Indigo Owl by Charlie Archbold

Publisher: Wakefield Press
Publication Date: 1 September 2020
Australian RRP: $24.99

After Earth was destroyed by climate change and overpopulation, private corporations colonised new planets. On one such planet, Galbraith,the fertility of its citizens is tightly controlled. But at what cost?

When Scarlet Bergen leaves her childhood home to be trained at the Arcadia Institute, harnessing her psychic Solitaire talents, it feels like the beginning of her future. But on the Institute steps, her father whispers a life-changing secret about the past. Her mother, a geneticist who disappeared when Scarlet was ten, had enemies …

Scarlet vows to discover the truth about her mother – and is joined in her mission by fellow cadets with their own family secrets and special talents: tech-savvy Rumi, a tenacious truth-hunter, and Dylan, the aloof classmate who can literally read her mind.

Together, they’ll uncover a planet-wide conspiracy … and discover that there’s little the Galbraith Executives won’t do to get what they want.

Buy at:  booktopia  |  dymocks  | A&R  | Wakefield Press

My Blurb (4/5 stars)

Somehow, I have gotten into the habit of not reading the book blurb / description / synopsis before I started reading. I would have read it some time before I decided to get my hands on the book so at one point in time, I wanted to read it, so I’d just jumped in. Therefore, most times I’ve no idea what I got myself in for. And such is the case with Indigo Owl because I didn’t realise that it was set in a different planet and for a while, I was really confused! So that’s the first thing you should know… This book is set on a completely different and very very cold planet called Galbraith.

There are 3 perspectives but Scarlet’s the primary one while Rumi’s & Dylan’s felt like they revolve around her. I guess this is really Scarlet’s story but we do need Rumi’s & Dylan’s help to know what’s happening around Scarlet. This makes me feel that Scarlet is very focused on the one thing (her mother) and so quite blind in her peripheral vision. She could be likeable but I actually prefer Rumi with all her “unbalanced” angle. I must admit though that at the end, they both improved so much! Scarlet could be a good friend but again, I don’t feel that friendship any particularly well with anyone. And I also find the romance a little bit lacklustre.

Indigo Owl was a very easy read with a truly fascinating setting with a sort of low key creepy vibe in the way of The Handmaid’s Tale. With a fast pace and an engaging mystery, it is a captivating read.

Thanks to Wakefield Press for copy of book in exchange of honest review. And thanks, AusYABloggers for organising the tour.

Find all the other stops by following the Tour Schedule 

About the author

Charlie has worked as a primary years educator for many years. She has a Master of Education Degree in Studies of Asia and has spent time teaching in the UK, Australia, and Indonesia. In addition to teaching she has a passion for creative writing. Her new young adult novel is Indigo Owl.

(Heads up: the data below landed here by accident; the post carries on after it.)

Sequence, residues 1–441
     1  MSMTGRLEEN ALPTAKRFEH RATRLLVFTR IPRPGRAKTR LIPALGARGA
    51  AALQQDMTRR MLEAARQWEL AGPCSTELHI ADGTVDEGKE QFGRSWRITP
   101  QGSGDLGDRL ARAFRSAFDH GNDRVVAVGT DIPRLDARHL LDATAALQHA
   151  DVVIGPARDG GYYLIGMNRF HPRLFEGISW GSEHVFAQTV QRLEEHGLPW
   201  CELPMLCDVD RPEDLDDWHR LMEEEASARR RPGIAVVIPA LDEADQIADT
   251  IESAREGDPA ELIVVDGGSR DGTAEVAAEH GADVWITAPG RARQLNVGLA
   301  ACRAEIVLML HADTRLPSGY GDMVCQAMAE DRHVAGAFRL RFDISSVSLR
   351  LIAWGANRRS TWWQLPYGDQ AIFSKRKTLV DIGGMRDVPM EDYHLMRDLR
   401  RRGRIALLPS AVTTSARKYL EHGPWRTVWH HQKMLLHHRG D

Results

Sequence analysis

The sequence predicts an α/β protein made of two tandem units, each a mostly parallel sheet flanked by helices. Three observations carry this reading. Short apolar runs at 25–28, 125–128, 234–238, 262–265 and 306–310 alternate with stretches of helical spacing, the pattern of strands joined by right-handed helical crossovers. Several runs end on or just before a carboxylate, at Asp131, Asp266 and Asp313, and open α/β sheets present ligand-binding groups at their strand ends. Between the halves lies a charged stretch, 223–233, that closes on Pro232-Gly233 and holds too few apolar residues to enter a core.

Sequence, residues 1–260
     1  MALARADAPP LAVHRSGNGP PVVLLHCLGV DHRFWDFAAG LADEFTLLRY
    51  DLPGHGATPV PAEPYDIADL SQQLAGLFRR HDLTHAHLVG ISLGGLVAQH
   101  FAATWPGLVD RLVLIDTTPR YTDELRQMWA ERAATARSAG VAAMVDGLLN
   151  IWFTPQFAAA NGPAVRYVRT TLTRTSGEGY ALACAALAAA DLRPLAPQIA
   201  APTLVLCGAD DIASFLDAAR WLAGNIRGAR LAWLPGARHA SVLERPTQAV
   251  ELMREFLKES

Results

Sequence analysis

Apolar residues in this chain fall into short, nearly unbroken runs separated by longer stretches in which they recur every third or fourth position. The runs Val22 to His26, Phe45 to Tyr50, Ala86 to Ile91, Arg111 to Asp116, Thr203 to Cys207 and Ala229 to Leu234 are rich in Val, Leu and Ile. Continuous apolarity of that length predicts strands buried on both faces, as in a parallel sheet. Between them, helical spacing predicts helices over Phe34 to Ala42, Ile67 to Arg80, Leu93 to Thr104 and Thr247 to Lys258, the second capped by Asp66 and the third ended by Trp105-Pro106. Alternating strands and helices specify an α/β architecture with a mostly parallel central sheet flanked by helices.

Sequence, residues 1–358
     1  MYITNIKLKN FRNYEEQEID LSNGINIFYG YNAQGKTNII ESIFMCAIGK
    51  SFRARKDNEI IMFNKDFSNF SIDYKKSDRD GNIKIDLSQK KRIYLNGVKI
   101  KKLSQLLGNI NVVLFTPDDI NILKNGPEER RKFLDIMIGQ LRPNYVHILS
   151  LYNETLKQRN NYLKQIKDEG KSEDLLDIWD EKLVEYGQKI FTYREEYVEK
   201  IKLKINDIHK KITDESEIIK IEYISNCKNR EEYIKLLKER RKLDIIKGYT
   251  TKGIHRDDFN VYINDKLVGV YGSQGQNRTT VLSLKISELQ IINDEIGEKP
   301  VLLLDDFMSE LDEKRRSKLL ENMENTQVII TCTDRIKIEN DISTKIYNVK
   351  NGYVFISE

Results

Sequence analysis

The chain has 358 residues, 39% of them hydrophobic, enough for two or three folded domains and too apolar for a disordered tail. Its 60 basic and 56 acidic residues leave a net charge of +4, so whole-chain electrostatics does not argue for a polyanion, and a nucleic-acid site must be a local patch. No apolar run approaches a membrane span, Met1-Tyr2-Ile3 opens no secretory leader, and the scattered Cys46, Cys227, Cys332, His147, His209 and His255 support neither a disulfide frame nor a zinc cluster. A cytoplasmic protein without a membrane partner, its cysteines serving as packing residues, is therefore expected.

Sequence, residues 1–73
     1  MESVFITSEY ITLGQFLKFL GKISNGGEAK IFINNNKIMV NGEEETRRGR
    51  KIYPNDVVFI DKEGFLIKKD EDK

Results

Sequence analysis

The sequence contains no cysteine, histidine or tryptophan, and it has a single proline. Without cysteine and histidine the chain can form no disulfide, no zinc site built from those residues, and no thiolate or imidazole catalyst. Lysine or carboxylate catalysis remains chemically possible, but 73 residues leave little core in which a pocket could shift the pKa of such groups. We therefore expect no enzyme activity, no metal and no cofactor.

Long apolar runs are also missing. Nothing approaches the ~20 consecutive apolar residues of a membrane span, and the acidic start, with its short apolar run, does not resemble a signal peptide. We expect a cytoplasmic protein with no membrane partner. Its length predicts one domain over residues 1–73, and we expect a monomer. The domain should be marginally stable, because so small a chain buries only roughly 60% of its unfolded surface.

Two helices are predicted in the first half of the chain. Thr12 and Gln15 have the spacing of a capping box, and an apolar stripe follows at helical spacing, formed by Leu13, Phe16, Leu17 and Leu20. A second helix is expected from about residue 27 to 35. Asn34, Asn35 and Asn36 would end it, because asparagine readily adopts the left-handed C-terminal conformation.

Charlie’s debut young adult novel, Mallee Boys, was the recipient of the 2016 Adelaide Literary Festival Unpublished Manuscript Award and was a 2018 Children’s Book Council of Australia Honour book. Her middle grade manuscript, Red Bottomed Boat, was shortlisted for the 2020 Text Prize.

Find Charlie on: goodreads  |  website  |  twitter  | instagram

Review: The Last Migration by Charlotte McConaghy

The Last Migration by Charlotte McConaghy

For readers of Station Eleven and Everything I Never Told You, a debut novel set on the brink of catastrophe, as a young woman chases the world’s last birds – and her own final chance for redemption.

‘An extraordinary novel… as beautiful and as wrenching as anything I’ve ever read.’ Emily St John Mandel. ‘This novel is enchanting, but not in some safe, fairytale sense. Charlotte McConaghy has harnessed the rough magic that sears our souls. I recommend The Last Migration with my whole heart.’ Geraldine Brooks

For readers of Station Eleven and Everything I Never Told You, a debut novel set on the brink of catastrophe, as a young woman chases the world’s last birds – and her own final chance for redemption.A dark past. An impossible journey. The will to survive.

How far you would you go for love? Franny Stone is determined to go to the end of the earth, following the last of the Arctic terns on what may be their final migration to Antarctica.

As animal populations plummet and commercial fishing faces prohibition, Franny talks her way onto one of the few remaining boats heading south. But as she and the eccentric crew travel further from shore and safety, the dark secrets of Franny’s life begin to unspool. A daughter’s yearning search for her mother. An impulsive, passionate marriage. A shocking crime. Haunted by love and violence, Franny must confront what she is really running towards – and from.

The Last Migration is a wild, gripping and deeply moving novel from a brilliant young writer. From the west coast of Ireland to Australia and remote Greenland, through crashing Atlantic swells to the bottom of the world, this is an ode to the wild places and creatures now threatened, and an epic story of the possibility of hope against all odds.

Published 4 August 2020 |  Publisher: Penguin Random House Australia  |  RRP: AUD$32.99

Buy it at: Dymocks |  Booktopia |  A&R  |  Abbey’s  | QBD

My Blurb (5 / 5 stars)

Franny Stone is desperate. Desperate to follow the Artic terns on what could be their last migration. She has a mission to fulfil for her beloved husband and she’ll not fail. The world is falling apart, many creatures have been deemed extinct, if not close to, and fisheries are close to being outlawed. She found a boat that will take her to where she needs to go but along the way, she’s also found life…